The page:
2. Outline before you start. This is an important one for me. I research and do a detailed outline several weeks in advance. I’m constantly plotting, reworking and looking things up as I go, too. Stay flexible, but have a plan. An outline is a solid foundation that you can build on. You can also throw it out if you have to. Having plan makes it easier to move full steam ahead and avoid painting yourself into a corner.

3. Write every day, or almost every day. Taking long breaks will steal your momentum. Steady, daily progress is good.

4. Know where you’re going. Even if you’re not a big plotter, you can jot down notes every day before you start. Just a few minutes of concentration can make the difference between flying over the keys and staring at a blank page.

5. Don’t stop for the day at the end of a scene or chapter. Some authors stop mid-sentence. It trains your brain to keep thinking about the next sentence/scene/chapter, rather than closing the mental doors when you close the screen.

6. Take notes after you’re “done” for the day. This is my favorite tip for increasing speed and productivity. I love writing freehand notes. I remember things I forgot to do, continually reassess plot points, and jot down ideas for the next scene.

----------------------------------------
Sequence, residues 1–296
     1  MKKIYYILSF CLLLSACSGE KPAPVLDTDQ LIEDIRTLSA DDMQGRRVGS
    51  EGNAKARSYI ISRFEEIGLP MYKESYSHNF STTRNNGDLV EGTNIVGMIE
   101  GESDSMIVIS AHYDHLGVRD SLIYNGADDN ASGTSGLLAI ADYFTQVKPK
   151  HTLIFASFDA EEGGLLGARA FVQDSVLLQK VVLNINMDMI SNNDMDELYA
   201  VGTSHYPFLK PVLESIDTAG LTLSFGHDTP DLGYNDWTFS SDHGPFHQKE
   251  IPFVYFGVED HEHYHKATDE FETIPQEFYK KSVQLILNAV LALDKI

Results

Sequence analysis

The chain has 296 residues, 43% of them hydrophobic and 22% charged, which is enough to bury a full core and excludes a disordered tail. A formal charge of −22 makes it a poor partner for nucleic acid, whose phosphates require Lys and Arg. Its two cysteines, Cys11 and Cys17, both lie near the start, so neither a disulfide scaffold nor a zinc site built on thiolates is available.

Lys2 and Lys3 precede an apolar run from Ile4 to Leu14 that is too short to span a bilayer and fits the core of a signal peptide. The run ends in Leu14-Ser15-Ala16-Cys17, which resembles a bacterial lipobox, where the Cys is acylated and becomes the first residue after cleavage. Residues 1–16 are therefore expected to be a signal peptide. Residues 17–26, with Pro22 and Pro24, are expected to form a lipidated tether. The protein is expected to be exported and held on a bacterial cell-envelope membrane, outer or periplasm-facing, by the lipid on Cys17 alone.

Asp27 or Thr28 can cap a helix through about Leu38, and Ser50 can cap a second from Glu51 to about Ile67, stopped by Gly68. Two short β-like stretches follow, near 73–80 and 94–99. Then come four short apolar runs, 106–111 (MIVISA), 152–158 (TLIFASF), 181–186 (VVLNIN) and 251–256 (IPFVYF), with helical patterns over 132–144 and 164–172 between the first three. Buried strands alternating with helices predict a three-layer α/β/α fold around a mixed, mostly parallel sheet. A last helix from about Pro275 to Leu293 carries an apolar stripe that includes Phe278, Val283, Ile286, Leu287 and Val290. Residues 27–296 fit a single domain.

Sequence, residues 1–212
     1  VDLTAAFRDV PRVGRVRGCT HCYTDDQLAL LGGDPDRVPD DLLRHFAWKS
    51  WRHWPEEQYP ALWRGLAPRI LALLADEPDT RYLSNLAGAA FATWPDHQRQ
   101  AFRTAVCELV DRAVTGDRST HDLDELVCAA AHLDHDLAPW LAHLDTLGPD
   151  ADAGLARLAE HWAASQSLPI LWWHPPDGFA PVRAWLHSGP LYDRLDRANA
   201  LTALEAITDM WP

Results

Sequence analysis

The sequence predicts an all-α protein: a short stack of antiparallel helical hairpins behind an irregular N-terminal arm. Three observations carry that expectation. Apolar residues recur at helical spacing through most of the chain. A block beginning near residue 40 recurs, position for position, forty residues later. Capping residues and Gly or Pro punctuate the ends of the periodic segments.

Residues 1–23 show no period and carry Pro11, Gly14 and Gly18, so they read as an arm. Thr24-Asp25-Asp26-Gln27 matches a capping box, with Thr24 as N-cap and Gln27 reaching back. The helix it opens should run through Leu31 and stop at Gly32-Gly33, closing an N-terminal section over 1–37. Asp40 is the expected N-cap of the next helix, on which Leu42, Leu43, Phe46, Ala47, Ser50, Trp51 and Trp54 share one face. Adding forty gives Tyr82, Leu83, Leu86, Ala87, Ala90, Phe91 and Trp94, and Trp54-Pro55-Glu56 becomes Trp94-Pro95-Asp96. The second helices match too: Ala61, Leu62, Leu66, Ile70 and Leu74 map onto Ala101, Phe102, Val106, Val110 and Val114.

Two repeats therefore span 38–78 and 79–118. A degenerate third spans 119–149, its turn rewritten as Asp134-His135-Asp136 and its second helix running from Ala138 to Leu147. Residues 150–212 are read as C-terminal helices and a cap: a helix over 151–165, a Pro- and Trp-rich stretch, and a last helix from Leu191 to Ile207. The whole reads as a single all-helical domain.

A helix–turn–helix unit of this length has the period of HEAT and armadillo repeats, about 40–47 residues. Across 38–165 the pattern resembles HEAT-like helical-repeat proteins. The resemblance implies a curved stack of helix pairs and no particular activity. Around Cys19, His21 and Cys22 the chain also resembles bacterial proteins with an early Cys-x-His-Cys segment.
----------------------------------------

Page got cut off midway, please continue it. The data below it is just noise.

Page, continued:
7. Get enough sleep. This is a challenge for me. Sleep well and your brain will function better, faster.

8. Beware of children. They require a lot of attention and feeding. If a childless person tells me that anyone can write 5k per day if they just try hard, I will twist her nose off and feed it to my child.

9. Exercise! I run almost every day, and I believe this has helped my output tremendously. It also helps keep me sane. If you spend too much time indoors, living with the imaginary people inside your head, you might end up with cabin fever, wielding a rubber mallet. All work and no play makes Jack a dull boy.

10. Don’t force it. Sometimes you have to sit your ass in the chair and get it done. Sometimes you have to do the opposite. When you’re pulling your hair out, rewriting the same sentence fifty times, just leave it alone. Go do some laundry, get a snack. Switch to a notebook. Changing scenery can jog you in a new direction.

11. Keep a cuts file. I do this for every book, and it helps me when a scene isn’t working. I’ll save a copy of the problem section in my cuts file. Then I can delete and rearrange dialogue or paragraphs without worrying about losing any important bits. It’s a quick, efficient way to get unstuck and move forward.

So there you have it. 11 quick-n-dirty tips for those who prefer clean first drafts! As always, do what works for you, be passionate about your writing, and try to have fun. Remember that a writing career is a marathon, not a sprint. Find your own pace.

Are you a writer? Do you plan to attempt NaNoWriMo? Do you have any tips you’d like to share or thoughts on Jill’s tips? Share them. We haven’t had a craft conversation at K&T in a long time, and I LOVE talking craft.

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Jill SorensonJill Sorenson is the RITA-nominated author of more than a dozen romantic suspense novels, including the Aftershock series by HQN. She lives in the San Diego area with her family. She’s a soccer mom who loves nature, coffee, reading, twitter and reality TV. Jogging keeps her sane. Riding Dirty is her first erotic suspense novel.

You can find her at www.jillsorenson.com.